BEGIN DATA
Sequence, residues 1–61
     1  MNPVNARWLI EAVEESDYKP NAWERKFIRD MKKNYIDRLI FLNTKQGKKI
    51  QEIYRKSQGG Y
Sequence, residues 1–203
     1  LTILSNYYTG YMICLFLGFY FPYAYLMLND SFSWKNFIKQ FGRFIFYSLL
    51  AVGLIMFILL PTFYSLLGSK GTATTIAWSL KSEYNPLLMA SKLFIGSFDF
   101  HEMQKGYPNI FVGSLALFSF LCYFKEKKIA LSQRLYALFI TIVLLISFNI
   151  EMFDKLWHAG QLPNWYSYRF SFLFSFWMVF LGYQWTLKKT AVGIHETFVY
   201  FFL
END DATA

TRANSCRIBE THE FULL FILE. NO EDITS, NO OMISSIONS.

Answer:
Sequence, residues 1–61
     1  MNPVNARWLI EAVEESDYKP NAWERKFIRD MKKNYIDRLI FLNTKQGKKI
    51  QEIYRKSQGG Y
Sequence, residues 1–203
     1  LTILSNYYTG YMICLFLGFY FPYAYLMLND SFSWKNFIKQ FGRFIFYSLL
    51  AVGLIMFILL PTFYSLLGSK GTATTIAWSL KSEYNPLLMA SKLFIGSFDF
   101  HEMQKGYPNI FVGSLALFSF LCYFKEKKIA LSQRLYALFI TIVLLISFNI
   151  EMFDKLWHAG QLPNWYSYRF SFLFSFWMVF LGYQWTLKKT AVGIHETFVY
   201  FFL